Sixty-four countries around the world already require the labeling of genetically modified foods, including all of the European Union, Russia, Japan, China, Australia and New Zealand. In the United States, labels must list more than 3,000 ingredients but the Food and Drug Administration has resisted labels for genetically altered foods.
The Sanders Amendment would make it clear that states may require clear labels that let consumers know what they’re eating. “Monsanto and other major corporations should not get to decide this, the people and their elected representatives should,” Sanders said.
The medical community has raised serious health concerns about genetically engineered food. The American Public Health Association and the American Nurses Association have passed resolutions that support labeling foods with genetically engineered ingredients.
- The Guide to Limitless Clean Energy 2013, has this quote from Thomas Edison: “We are like tenant farmers chopping down the fence around our house for fuel when we should be using nature’s inexhaustible sources of energy — sun, wind and tide.” [Blue & Green Tomorrow]
Science and Technology:
- A new report from Fuel Cell Today describes how the electrolysis of water to generate hydrogen can be used in conjunction with renewable energy sources to provide a number of benefits. [Fuel Cell Today]
- Scotland focused an 18-million pound ($27 million) fund for marine energy on wave power as it seeks to get all its power from renewables by the end of the decade. [Businessweek]
- Gas-fired generation in Europe is in crisis. With the energy-only market undercut by renewables, European utilities are mothballing thermal generation capacity. [Platts]
- The European Parliament approved a non-binding resolution calling for a mandatory EU-wide share for renewables for 2030, but failed to set the target in the 40-45% range. [EurActiv]
- Europe could face power blackouts if utilities shut loss-making gas plants and aging coal facilities while governments dither over how to cope with the growing impact of renewables. [Power Engineering International]
- Australian community solar projects appear to be gathering pace, with public launches planned for the next month. Crowd-funding is one possibility being discussed. [RenewEconomy]
- The problem of high power demand in the Philippines continues to plague consumers, and the country’s Department of Energy is promoting renewable energy to improve the situation. [Solar News]
- The UK’s Department of Energy and Climate Change says more than £29 billion of private investment has gone into the renewables sector in the last three years, potentially supporting up to 30,000 jobs. [Utility Week]
- The new secretary of energy says his top priorities are responding to climate change, safely managing the nation’s nuclear stockpile and fostering scientific research. [Northwest Public Radio]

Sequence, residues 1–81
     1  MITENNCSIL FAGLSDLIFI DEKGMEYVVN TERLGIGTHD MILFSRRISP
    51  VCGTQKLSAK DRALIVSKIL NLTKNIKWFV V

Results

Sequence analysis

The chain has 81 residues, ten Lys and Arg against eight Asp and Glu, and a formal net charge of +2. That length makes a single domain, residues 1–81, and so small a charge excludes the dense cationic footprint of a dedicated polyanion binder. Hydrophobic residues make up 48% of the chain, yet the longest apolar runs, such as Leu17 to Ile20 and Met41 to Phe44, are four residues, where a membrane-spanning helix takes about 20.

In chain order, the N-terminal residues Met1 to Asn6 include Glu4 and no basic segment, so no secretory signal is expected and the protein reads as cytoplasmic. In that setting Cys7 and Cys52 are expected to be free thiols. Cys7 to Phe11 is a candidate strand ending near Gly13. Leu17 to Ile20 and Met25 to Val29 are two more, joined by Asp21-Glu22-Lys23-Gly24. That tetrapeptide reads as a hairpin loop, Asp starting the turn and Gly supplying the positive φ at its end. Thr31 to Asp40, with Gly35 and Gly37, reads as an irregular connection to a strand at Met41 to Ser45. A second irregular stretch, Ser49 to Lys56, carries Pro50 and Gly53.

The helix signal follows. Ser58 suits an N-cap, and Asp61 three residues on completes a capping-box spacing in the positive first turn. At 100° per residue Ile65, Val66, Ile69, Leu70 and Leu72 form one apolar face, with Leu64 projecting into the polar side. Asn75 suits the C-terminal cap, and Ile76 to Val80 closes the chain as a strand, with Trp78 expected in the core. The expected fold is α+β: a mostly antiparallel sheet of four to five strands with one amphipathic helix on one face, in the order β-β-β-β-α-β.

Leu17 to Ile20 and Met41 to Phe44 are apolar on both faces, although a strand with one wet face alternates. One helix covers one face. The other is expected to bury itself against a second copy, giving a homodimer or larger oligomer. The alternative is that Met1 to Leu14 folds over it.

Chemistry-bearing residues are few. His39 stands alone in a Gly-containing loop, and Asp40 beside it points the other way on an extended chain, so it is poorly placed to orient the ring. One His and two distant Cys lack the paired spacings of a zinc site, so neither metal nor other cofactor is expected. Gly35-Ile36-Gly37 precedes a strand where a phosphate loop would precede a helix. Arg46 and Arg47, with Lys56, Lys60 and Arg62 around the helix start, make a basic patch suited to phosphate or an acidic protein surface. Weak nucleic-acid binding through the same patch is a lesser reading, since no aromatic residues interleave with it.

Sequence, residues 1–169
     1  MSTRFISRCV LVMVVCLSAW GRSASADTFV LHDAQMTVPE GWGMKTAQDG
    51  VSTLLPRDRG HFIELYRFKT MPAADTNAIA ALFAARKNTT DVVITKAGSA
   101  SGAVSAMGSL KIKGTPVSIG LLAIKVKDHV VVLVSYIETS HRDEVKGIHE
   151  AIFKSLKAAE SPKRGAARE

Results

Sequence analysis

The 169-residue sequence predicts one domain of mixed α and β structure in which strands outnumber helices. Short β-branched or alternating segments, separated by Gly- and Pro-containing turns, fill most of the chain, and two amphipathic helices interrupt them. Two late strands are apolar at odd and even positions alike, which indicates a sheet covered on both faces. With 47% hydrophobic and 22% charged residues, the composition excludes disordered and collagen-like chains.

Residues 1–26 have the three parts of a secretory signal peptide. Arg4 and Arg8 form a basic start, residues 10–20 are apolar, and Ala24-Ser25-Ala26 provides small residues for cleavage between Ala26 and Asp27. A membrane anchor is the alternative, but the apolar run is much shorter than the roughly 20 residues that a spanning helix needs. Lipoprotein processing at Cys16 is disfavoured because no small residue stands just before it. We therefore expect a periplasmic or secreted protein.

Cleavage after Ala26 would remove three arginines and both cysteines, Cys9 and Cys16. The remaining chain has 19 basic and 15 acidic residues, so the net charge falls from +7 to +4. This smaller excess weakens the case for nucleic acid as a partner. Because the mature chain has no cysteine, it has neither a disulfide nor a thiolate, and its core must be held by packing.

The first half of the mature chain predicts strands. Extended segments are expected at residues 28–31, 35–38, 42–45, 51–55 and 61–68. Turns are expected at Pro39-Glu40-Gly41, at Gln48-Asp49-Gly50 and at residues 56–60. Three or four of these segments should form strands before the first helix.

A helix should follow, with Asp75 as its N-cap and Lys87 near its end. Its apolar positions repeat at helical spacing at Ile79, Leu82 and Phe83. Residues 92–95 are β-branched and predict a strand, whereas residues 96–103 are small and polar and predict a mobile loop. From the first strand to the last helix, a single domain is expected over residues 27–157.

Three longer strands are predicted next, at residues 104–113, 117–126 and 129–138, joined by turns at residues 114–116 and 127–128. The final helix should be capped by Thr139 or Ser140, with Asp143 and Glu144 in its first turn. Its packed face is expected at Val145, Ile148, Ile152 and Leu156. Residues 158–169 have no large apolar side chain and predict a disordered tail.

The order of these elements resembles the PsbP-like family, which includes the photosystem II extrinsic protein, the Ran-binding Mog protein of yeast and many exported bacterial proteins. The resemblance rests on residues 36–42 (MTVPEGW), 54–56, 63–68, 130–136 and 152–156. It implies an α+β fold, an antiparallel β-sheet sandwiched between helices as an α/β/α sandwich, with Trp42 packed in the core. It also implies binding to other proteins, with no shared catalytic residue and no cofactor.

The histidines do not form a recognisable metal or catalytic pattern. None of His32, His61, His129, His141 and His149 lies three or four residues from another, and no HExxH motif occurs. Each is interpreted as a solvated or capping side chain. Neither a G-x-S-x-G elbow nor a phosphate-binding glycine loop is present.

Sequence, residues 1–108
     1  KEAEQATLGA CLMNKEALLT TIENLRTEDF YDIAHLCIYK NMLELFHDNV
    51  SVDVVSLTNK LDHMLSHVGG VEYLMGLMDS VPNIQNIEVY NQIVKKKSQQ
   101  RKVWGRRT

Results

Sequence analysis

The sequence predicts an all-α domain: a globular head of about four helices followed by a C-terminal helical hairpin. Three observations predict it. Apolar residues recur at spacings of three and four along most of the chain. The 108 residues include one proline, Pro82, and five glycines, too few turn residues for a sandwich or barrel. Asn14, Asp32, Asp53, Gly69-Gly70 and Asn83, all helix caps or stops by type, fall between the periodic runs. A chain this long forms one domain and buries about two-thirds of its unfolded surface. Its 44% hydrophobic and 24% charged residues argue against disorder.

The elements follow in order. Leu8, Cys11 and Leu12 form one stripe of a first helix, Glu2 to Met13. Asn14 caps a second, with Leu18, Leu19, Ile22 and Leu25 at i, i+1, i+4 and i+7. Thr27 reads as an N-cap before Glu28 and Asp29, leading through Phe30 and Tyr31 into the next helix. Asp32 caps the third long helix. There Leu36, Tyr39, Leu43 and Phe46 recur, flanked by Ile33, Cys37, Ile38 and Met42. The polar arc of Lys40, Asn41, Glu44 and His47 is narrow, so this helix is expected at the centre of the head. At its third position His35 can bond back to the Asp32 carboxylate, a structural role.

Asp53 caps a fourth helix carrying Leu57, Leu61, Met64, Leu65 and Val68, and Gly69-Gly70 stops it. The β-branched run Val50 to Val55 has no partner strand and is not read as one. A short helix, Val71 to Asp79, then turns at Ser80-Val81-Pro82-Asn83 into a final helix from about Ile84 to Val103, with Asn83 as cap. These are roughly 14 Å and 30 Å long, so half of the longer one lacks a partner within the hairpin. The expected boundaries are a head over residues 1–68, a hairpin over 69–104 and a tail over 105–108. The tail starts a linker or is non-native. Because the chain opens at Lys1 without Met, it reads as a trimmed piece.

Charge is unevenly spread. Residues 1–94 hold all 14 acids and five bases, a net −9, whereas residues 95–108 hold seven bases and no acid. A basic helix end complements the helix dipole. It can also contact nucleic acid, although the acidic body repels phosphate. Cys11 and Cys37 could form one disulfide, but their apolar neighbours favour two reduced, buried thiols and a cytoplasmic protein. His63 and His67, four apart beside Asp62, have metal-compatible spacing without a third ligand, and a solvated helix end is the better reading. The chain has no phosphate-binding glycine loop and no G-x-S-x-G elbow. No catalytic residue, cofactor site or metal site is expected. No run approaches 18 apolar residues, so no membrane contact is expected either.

- Minnesota’s governor is expected to sign into law a bill this week that will boost the state’s solar capacity from 13 MW to more than 450 MW. [PV-Tech]
- Environmental activists among Southern Co.’s shareholders are gearing up to confront the Atlanta-based utility’s leadership with accusations of giving more lip service to renewable energy than serious commitment. [Atlanta Business Chronicle]
- The Philippines has approved three wind energy projects that will produce 208 MW of power, enough for more than 40,000 middle-class households. [EcoSeed]
- The National Energy Regulator of South Africa has granted power producer Eskom a licence for its Sere wind farm in the Western Cape, paving the way for the company to start construction of its $254.3 million, 100 MW project. [Malaysia Sun]
- Northern Power Systems, headquartered in Barre, Vermont, announced its fleet of gearless wind turbines that experience hurricane-speed winds has achieved 1 million run time hours, all without incident. [InvestorIdeas.com]
- The governor of Florida has vetoed funding of millions of dollars for Florida Gulf Coast University’s unfinished Renewable Energy Research Institute. [WGCU News]
- A Colorado bill to raise the goal for renewable energy in rural areas from 10% to 20% by 2020 has been passed, but many are calling for a veto. Opposition to the bill is being pushed by the state’s largest coal-burning energy company. [Cortez Journal]
- The Energy Alternatives Division of Cupertino Electric announced the completion of the first phase of a parking lot canopy and playground shade structure-based solar system for Clovis Unified School District spanning 21 sites and totaling 5.86 MW. [RenewablesBiz]
- Ninety-five percent of U.S. energy executives expect continued research and development investment in alternative energy projects this year, according to a new survey conducted by the KPMG Global Energy Institute. [Alternative Energy Retailer magazine]
- A hearing officer for the Vermont Public Service Board has recommended that Entergy receive a state certificate of public good for a new backup diesel generator for the Vermont Yankee nuclear plant, to provide emergency backup power. [Barre Montpelier Times Argus]